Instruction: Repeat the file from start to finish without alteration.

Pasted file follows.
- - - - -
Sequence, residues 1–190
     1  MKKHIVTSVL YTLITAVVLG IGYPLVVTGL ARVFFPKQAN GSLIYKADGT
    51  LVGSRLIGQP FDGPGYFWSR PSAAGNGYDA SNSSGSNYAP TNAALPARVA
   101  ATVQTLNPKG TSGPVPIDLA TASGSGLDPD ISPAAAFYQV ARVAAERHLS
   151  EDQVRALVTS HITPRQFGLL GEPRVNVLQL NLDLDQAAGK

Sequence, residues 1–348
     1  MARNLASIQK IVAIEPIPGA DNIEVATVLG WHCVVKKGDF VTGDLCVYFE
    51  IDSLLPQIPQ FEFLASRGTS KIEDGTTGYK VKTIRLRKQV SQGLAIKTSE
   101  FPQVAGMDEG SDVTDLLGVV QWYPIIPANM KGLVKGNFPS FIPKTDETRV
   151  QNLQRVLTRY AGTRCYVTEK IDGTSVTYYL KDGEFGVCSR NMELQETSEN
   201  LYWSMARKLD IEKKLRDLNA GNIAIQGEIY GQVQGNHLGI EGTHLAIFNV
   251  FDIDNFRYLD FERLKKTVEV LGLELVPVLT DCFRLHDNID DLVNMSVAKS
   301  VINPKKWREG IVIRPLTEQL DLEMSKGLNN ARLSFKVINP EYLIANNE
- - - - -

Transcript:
Sequence, residues 1–190
     1  MKKHIVTSVL YTLITAVVLG IGYPLVVTGL ARVFFPKQAN GSLIYKADGT
    51  LVGSRLIGQP FDGPGYFWSR PSAAGNGYDA SNSSGSNYAP TNAALPARVA
   101  ATVQTLNPKG TSGPVPIDLA TASGSGLDPD ISPAAAFYQV ARVAAERHLS
   151  EDQVRALVTS HITPRQFGLL GEPRVNVLQL NLDLDQAAGK

Sequence, residues 1–348
     1  MARNLASIQK IVAIEPIPGA DNIEVATVLG WHCVVKKGDF VTGDLCVYFE
    51  IDSLLPQIPQ FEFLASRGTS KIEDGTTGYK VKTIRLRKQV SQGLAIKTSE
   101  FPQVAGMDEG SDVTDLLGVV QWYPIIPANM KGLVKGNFPS FIPKTDETRV
   151  QNLQRVLTRY AGTRCYVTEK IDGTSVTYYL KDGEFGVCSR NMELQETSEN
   201  LYWSMARKLD IEKKLRDLNA GNIAIQGEIY GQVQGNHLGI EGTHLAIFNV
   251  FDIDNFRYLD FERLKKTVEV LGLELVPVLT DCFRLHDNID DLVNMSVAKS
   301  VINPKKWREG IVIRPLTEQL DLEMSKGLNN ARLSFKVINP EYLIANNE